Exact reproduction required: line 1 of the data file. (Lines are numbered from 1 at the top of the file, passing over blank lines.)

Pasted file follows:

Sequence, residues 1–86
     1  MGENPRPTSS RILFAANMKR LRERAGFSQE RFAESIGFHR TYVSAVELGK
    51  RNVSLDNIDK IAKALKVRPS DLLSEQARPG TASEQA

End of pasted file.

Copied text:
Sequence, residues 1–86